elements in japanese

The 5 Elements in Japanese: What They Mean and Where to Find Them

“You’re rooted, Brandon.”

A friend from Switzerland told me this one day. She was telling me how I reminded her of solid earth and trees. To her, I was grounded and stable.

Have you ever heard a natural element being used to describe someone’s personality?

“Her speech flows like water.”

“He has a fiery personality.”

Although someone’s personality can’t actually be on fire, you understand what the statement means.

You can easily visualize the natural elements in the sentence—speech that flows like water is smooth and soft, while a fiery personality is outspoken, opinionated and feisty.

But the basic elements differ slightly from country to country.

In Japan, the five elements are known as 五大 (ごだい) or “godai” and include earth, water, fire, wind and void.

These are Buddhist concepts, but you can find them in everyday life—from science to ourselves.

We’ll break each one down soon, but first I want to give you a lay of the land.

We don’t just recognize the elements when we’re taking a walk in nature, but also in ourselves. We might need someone to point it out (like my Swiss friend did for me), but once we recognize our own elemental traits, it’s in our best interest to own them.

Why?

Because we can use them to be better people and speak better Japanese!

Sounds odd, but think about it. Compare yourself to your younger self. Who’s more confident? For me, it’s definitely my older self. Because I know myself better.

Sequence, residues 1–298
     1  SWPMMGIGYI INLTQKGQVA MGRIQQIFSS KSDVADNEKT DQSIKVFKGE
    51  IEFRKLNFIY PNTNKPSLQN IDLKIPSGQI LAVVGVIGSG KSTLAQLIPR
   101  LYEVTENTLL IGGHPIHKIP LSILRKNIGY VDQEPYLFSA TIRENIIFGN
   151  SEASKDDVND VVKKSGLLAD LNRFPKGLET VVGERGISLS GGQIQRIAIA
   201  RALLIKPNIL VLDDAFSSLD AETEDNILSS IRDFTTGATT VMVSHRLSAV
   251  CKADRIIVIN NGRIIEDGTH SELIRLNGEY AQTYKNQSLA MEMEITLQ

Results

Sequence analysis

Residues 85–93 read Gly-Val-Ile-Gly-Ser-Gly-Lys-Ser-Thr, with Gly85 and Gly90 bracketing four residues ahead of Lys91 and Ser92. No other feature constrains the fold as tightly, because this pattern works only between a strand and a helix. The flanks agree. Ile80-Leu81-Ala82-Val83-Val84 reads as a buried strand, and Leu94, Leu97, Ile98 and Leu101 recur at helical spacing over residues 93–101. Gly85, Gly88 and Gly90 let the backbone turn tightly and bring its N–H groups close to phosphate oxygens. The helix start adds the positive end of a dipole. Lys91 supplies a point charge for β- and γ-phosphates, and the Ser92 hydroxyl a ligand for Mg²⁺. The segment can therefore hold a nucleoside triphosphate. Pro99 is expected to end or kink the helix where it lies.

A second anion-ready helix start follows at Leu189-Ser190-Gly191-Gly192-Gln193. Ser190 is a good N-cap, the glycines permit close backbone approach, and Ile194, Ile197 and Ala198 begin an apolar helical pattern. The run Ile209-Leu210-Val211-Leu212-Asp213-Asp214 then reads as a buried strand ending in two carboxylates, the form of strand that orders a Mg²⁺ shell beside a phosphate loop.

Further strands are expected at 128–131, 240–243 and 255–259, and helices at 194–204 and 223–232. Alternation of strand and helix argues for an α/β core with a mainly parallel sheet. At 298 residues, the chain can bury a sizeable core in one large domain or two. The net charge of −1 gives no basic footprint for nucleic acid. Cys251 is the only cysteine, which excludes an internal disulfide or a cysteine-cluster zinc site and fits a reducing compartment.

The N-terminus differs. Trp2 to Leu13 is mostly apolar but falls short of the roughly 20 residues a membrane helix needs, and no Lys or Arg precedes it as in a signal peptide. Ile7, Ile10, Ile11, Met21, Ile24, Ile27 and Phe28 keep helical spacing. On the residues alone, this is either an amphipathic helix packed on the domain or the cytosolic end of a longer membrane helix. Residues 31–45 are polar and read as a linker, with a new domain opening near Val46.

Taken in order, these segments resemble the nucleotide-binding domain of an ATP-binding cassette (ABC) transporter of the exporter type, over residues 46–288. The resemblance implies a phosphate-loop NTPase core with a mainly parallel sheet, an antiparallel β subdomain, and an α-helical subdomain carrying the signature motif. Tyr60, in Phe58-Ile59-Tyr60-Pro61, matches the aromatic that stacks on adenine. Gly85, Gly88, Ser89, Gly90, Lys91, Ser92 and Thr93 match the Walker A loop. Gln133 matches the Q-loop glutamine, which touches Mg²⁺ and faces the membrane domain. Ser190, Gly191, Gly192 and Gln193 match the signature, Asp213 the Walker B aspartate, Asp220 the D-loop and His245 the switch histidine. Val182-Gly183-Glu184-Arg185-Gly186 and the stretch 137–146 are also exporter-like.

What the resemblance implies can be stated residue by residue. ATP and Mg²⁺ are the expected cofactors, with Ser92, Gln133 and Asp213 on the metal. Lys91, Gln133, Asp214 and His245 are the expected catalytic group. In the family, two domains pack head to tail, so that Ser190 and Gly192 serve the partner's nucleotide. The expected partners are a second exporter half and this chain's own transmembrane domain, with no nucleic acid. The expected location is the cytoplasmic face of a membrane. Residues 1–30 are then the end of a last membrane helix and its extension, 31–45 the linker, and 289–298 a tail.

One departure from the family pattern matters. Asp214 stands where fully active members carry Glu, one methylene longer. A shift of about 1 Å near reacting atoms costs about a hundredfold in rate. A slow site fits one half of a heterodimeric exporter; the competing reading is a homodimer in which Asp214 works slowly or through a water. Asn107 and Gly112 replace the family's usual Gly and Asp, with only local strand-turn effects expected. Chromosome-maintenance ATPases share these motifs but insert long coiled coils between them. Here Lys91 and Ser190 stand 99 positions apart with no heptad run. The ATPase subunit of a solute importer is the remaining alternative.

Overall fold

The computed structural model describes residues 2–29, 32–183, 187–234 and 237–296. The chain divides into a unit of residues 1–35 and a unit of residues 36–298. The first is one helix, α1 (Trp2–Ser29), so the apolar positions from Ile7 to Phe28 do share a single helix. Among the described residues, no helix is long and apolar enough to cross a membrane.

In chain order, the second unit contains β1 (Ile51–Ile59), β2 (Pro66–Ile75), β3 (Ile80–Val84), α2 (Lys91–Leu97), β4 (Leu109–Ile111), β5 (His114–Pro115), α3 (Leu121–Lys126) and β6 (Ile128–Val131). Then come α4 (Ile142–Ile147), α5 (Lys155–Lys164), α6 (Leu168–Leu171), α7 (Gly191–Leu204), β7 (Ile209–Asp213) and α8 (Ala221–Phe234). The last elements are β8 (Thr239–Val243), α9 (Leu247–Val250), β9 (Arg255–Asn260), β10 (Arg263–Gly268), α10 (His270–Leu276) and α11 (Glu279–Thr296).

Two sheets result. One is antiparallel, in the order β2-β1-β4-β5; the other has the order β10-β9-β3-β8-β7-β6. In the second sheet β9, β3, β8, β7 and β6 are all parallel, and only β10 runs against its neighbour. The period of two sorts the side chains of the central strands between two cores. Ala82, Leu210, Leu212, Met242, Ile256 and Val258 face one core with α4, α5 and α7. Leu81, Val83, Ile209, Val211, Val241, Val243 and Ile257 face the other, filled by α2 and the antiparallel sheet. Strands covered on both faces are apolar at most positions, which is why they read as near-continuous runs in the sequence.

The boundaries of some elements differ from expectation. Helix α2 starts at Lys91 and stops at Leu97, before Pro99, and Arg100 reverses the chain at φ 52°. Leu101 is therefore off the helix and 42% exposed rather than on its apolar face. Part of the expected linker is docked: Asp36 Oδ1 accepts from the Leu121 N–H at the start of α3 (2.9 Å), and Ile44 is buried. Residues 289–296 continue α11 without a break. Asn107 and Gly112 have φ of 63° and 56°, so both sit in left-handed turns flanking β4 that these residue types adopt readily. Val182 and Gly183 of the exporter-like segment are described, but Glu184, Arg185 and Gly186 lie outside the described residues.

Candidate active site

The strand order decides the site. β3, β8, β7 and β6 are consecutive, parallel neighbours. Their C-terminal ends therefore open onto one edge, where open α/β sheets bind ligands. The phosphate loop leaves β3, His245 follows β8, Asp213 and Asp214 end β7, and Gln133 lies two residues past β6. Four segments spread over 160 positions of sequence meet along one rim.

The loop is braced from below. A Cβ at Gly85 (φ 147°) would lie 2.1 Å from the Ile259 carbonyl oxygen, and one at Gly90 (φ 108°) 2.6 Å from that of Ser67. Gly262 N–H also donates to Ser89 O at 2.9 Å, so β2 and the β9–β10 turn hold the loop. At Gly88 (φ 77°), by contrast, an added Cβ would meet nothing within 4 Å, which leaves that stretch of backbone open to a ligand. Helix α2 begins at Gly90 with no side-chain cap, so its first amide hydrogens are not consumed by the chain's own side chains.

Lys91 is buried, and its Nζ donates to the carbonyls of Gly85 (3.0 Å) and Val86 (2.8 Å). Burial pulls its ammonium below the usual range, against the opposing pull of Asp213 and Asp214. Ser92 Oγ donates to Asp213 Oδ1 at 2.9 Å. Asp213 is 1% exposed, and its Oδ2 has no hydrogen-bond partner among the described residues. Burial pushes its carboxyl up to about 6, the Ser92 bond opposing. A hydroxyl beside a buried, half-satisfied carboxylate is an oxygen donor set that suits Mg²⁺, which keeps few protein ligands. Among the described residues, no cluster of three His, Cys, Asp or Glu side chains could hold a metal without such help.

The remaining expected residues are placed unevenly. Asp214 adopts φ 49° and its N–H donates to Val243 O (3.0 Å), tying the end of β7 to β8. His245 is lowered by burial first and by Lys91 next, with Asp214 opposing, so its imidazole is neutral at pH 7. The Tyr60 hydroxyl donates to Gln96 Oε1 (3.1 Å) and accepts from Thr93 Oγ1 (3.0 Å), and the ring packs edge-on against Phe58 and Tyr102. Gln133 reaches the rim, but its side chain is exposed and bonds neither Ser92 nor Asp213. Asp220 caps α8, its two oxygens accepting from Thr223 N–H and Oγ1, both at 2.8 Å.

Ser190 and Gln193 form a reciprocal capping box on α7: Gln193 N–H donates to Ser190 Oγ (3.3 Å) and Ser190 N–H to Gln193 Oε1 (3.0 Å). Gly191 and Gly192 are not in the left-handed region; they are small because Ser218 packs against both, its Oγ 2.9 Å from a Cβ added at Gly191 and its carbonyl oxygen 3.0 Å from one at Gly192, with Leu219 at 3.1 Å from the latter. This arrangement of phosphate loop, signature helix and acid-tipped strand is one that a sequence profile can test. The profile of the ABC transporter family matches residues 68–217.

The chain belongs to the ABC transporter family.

Once you know yourself better, you speak with more confidence.

This is both in your target and native language!

4 Tips for Using the Elements in Japanese to Speak More Fluently

You now know that we see the godai—or, natural elements—in our daily lives. Now, let’s dig into how we can use them strategically to speak better Japanese.

Listen to Native Speakers Talk

Before we’re able to use the elements in Japanese conversations ourselves, we first have to recognize them in native speakers.

Just like a baby copies their parents’ mouth movements when speaking, we must mimic how native speakers use the elements in conversation.

I recommend listening to different video and audio of native speakers and pinpointing what elements are most persuasive to you in their conversation. That’s a start to see what elements you are drawn to or repulsed by.

Is a certain comedian a bit too docile for your tastes?

Maybe you prefer passionate and intense speakers that employ the Fire element.

Or perhaps you prefer the silent actor in a drama that most resembles your calm, meditative demeanor. That could be more Void vibes.